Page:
Key: The essential Olympians' names are given in bold font. See also List of Greek mythological figures Notes External links Media related to Family trees of Greek mythology at Wikimedia Commons
Family tree of the Greek gods
List of common misconceptions
From Wikipedia, the free encyclopedia This incomplete list is not intended to be exhaustive. This list corrects erroneous beliefs that are currently widely held about notable topics. Each misconception and the corresponding facts have been discussed in published literature. Note that each entry is formatted as a correction; the misconceptions themselves are implied rather than stated. Arts and culture Food and cooking Roll-style Western sushi. Searing meat does not "seal in" moisture, and in fact may actually cause meat to lose moisture. Legislation and crime Literature The Harry Potter books, though they have broken children's book publishing records, have not led to an increase in reading among children or adults, nor slowed the ongoing overall decline in book purchases by Americans, and children who did read the Harry Potter books were not more likely to go on to read more outside of the fantasy and mystery genres. Music Religion Hebrew Bible Buddhism Christianity Islam Sports
Lojong (Tib. བློ་སྦྱོང་,Wylie: blo sbyong) is a mind training practice in the Tibetan Buddhist tradition based on a set of aphorisms formulated in Tibet in the 12th century by Geshe Chekhawa. The practice involves refining and purifying one's motivations and attitudes. The fifty-nine or so slogans that form the root text of the mind training practice are designed as a set of antidotes to undesired mental habits that cause suffering. They contain both methods to expand one's viewpoint towards absolute bodhicitta, such as "Find the consciousness you had before you were born" and "Treat everything you perceive as a dream", and methods for relating to the world in a more constructive way with relative bodhicitta, such as "Be grateful to everyone" and "When everything goes wrong, treat disaster as a way to wake up." History of the practice Atiśa journeyed to Sumatra and studied with Dharmarakṣita for twelve years. Geshe Chekhawa is claimed to have cured leprosy with mind training. 1. 2.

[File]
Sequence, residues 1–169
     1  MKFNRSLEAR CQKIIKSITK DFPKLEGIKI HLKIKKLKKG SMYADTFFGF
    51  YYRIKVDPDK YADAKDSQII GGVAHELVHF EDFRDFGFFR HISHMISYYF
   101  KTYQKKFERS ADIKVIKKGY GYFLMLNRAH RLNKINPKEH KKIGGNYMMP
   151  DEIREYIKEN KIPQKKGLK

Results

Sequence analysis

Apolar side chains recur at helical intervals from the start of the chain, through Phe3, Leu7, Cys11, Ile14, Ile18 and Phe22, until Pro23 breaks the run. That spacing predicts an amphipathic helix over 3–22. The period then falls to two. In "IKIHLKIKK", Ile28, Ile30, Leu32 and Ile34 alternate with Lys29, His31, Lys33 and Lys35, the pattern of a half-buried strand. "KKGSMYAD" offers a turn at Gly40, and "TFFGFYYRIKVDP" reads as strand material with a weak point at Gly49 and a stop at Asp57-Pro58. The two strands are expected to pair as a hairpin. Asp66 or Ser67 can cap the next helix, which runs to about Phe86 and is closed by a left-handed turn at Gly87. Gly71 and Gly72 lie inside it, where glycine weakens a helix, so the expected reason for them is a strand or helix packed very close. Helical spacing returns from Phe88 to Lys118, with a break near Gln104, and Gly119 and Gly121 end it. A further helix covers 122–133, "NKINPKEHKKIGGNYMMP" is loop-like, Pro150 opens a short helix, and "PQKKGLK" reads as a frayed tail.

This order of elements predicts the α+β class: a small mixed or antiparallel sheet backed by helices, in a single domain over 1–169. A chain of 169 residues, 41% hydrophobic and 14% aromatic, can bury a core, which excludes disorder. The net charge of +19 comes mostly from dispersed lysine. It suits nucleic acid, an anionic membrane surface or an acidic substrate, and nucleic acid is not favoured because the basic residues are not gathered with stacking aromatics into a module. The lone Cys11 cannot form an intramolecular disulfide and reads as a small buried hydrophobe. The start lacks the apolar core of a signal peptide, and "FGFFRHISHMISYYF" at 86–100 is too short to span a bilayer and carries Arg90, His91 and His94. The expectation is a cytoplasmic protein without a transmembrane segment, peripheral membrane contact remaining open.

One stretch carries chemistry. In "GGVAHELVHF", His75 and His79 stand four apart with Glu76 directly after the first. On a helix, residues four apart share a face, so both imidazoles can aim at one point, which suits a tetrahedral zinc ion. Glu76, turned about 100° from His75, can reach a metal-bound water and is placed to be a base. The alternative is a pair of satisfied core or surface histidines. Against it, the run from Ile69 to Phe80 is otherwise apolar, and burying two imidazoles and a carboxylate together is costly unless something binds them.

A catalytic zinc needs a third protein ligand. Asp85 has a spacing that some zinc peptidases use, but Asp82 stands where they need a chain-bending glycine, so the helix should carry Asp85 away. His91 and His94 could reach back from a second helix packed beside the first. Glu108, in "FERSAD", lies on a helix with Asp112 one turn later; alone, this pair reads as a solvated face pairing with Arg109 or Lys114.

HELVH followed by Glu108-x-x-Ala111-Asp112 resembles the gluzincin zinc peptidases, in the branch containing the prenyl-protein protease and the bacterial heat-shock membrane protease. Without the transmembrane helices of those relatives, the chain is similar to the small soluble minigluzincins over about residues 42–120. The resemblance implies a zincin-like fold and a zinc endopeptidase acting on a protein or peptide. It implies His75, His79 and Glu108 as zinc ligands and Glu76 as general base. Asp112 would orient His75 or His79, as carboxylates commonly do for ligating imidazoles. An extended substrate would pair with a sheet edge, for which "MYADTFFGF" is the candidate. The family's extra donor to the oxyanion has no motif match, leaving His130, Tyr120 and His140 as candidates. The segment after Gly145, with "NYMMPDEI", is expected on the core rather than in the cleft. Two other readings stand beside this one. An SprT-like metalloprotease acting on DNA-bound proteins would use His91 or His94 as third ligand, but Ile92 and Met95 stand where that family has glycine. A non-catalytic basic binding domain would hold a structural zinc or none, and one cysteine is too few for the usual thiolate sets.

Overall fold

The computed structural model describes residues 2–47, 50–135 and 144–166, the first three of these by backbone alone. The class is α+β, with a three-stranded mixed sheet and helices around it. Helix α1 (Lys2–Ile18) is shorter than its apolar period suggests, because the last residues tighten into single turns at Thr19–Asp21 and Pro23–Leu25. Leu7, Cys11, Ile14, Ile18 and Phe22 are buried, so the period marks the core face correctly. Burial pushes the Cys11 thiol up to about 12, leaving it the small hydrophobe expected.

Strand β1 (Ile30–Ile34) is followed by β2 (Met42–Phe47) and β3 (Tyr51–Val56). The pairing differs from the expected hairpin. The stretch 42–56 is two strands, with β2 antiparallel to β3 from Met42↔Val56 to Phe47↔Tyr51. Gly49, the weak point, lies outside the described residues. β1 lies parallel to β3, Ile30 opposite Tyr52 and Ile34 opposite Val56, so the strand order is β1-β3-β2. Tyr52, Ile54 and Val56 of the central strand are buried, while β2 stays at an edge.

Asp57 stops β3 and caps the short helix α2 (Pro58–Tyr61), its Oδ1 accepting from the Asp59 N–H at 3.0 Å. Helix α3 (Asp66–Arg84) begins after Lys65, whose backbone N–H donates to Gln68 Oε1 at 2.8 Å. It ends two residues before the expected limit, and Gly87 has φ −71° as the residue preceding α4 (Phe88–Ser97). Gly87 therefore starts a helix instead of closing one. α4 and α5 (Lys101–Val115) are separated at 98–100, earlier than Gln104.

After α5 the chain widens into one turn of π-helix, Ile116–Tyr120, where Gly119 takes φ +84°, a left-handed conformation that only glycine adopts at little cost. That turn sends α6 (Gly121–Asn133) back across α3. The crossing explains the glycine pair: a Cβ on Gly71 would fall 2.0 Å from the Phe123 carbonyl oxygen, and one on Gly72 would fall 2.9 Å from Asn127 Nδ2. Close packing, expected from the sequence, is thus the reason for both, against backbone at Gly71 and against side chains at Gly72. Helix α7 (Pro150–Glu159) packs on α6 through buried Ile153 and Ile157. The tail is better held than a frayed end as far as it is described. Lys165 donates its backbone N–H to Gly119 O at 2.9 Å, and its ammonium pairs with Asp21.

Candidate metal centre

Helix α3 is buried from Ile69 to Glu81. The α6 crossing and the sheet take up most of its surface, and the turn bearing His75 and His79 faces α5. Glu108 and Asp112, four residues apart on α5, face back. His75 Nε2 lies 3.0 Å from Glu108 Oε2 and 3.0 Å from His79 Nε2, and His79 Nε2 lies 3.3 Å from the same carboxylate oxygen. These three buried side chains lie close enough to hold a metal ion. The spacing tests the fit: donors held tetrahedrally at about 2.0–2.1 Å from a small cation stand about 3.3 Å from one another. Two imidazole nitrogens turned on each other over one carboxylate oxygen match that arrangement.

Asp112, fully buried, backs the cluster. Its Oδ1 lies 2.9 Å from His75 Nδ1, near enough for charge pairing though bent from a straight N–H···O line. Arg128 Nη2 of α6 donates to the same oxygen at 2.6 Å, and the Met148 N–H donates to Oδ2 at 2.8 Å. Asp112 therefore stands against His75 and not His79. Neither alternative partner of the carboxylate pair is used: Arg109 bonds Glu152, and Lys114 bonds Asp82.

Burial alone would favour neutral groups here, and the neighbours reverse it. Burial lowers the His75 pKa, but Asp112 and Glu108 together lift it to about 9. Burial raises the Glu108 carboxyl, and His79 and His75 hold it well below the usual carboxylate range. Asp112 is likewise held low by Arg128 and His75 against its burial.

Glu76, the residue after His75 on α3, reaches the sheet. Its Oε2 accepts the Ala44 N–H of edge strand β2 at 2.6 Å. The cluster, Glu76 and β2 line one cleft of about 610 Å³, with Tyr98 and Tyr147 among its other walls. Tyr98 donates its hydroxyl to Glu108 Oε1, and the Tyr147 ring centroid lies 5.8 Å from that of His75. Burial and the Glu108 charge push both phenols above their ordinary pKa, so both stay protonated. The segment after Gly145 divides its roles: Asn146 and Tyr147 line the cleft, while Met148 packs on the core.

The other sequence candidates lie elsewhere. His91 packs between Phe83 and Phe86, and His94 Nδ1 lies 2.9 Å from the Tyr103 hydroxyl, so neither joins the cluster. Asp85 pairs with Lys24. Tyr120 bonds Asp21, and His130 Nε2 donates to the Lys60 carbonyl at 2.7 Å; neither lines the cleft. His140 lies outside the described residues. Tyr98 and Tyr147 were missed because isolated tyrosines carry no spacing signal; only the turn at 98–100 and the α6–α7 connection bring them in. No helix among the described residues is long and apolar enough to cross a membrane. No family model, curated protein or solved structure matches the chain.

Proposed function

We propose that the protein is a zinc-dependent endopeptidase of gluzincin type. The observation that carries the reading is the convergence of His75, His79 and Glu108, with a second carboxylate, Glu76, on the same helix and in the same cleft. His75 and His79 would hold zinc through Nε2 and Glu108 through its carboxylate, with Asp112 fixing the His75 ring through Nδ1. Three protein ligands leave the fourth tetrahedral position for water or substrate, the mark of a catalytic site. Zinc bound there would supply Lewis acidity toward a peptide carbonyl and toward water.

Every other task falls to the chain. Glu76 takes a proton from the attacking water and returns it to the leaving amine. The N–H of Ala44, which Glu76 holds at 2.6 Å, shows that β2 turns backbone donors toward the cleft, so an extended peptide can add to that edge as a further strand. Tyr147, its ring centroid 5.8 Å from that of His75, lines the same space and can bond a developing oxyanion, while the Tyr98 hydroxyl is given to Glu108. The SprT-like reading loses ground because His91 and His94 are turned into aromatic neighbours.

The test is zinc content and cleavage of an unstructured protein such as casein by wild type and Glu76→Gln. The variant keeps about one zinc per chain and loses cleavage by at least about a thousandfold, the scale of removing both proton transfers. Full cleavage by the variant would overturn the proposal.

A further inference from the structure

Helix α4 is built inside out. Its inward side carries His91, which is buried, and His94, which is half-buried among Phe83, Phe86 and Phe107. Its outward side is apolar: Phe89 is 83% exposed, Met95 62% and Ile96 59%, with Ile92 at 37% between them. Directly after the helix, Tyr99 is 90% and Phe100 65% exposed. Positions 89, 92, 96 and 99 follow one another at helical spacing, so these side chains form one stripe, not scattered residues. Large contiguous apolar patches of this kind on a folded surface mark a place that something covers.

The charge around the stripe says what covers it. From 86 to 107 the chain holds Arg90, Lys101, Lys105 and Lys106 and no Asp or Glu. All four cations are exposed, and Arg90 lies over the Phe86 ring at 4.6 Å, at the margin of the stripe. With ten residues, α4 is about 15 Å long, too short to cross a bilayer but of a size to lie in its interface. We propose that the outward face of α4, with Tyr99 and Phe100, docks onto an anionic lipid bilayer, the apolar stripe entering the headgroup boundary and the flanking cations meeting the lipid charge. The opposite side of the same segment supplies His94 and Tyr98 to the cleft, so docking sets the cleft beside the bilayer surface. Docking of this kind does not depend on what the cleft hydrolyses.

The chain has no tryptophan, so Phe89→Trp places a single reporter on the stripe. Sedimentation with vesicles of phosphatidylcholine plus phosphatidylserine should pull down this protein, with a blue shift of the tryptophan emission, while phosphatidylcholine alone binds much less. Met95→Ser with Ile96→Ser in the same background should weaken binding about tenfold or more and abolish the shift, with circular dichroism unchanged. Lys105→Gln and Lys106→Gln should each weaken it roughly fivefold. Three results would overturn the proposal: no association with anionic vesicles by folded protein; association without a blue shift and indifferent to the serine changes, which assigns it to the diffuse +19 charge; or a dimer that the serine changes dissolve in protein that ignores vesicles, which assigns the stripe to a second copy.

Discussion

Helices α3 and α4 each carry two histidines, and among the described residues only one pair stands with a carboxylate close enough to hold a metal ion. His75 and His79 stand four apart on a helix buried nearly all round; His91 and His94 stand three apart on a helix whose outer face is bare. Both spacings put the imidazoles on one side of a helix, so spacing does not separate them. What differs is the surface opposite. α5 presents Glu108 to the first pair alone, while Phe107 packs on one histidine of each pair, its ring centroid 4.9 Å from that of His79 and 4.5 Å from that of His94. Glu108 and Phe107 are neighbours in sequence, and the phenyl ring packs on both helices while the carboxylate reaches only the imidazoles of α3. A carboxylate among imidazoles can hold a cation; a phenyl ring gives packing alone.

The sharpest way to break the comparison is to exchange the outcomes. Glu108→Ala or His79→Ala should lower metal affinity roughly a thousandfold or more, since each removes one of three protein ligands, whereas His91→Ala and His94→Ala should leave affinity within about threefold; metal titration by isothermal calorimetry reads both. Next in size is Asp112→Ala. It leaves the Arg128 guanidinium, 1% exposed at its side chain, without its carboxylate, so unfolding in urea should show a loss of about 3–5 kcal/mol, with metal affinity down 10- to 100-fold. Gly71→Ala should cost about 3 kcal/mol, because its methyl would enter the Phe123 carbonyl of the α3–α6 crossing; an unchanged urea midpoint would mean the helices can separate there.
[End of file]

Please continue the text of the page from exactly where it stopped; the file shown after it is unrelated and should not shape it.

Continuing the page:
Annual Economics Lecture 2013 – ‘Justice In Economics’ Play Audio: Download Audio: MP3 audio. Download size 21.9MB. Audio duration 45 minutes Peter Bowman, new Head of Economics, on why a healthy and prosperous economy needs to have justice as its foundation, and the ways in which this could best work in practice. Recorded Tuesday 26 February 2013, London Progress with prosperity Download Audio: MP3 audio. Ian Mason on a new vision of the economy, putting the human being at the heart of economic life. Recorded Tuesday 7th February 2012, London Would you sell your mother? Download Audio: MP3 audio. Ian Mason, Head of Law and Economics, explores in his annual lecture the implications for economics of a renewed relationship with mother Earth, the generous source of the wealth and prosperity produced by modern economies. Recorded Tuesday 15th March 2011, London World Without Want Download Audio: MP3 audio. Ian Mason (Head of Economics) with an introduction by Peter Bowman. Opportunity out of Crisis
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Feminism in Greek literature from Homer to Aris...
The Standard Argument Against Free Will The Standard Argument has two parts. First, if determinism is the case, the will is not free. We call this the Determinism Objection. Together, these objections can be combined in the Responsibility Objection, namely that no Free Will model has yet provided us an intelligible account of the agent control needed for moral responsibility. Both parts are logically and practically flawed, partly from abuse of language that led some 20th-century philosophers to call free will a "pseudo-problem," and partly from claims to knowledge that are based on faulty evidence. Part One - The Determinism Objection Determinism is true. Part Two - The Randomness Objection Chance exists. Examples of the Standard Argument Can you see the two standard objections and the flaws in reasoning or claims of truth that are based on faulty evidence? (70) XXV. John Fiske's Version "Volitions are either caused or they are not. Dl. It is a compelling objection. Thomas Pink's Version